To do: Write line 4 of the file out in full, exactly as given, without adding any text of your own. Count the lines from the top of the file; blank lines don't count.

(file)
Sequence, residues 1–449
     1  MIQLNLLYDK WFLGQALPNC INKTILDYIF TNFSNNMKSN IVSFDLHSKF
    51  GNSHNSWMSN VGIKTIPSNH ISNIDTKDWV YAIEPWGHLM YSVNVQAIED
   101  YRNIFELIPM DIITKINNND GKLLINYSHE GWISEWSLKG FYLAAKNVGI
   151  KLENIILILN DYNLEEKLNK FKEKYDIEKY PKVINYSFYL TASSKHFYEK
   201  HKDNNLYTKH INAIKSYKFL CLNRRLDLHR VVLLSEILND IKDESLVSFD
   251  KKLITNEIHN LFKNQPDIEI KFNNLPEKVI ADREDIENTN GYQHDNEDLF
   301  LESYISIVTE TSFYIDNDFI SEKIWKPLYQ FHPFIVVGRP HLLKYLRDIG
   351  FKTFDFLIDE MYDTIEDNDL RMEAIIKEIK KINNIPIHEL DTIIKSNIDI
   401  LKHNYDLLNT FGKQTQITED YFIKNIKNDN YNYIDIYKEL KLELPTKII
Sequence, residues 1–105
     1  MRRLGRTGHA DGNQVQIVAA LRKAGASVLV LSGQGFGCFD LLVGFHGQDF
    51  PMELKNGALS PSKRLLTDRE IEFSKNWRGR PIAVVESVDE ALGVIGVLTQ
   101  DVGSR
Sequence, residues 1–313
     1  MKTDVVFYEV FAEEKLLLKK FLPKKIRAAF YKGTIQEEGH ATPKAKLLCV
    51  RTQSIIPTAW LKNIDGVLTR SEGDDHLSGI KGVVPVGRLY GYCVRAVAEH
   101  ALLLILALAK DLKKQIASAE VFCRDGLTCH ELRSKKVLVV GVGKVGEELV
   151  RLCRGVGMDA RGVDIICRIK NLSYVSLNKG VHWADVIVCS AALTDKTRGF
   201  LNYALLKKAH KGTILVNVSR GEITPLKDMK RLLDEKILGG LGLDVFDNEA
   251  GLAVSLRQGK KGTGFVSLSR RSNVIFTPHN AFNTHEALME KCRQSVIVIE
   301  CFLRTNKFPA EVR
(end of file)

   101  YRNIFELIPM DIITKINNND GKLLINYSHE GWISEWSLKG FYLAAKNVGI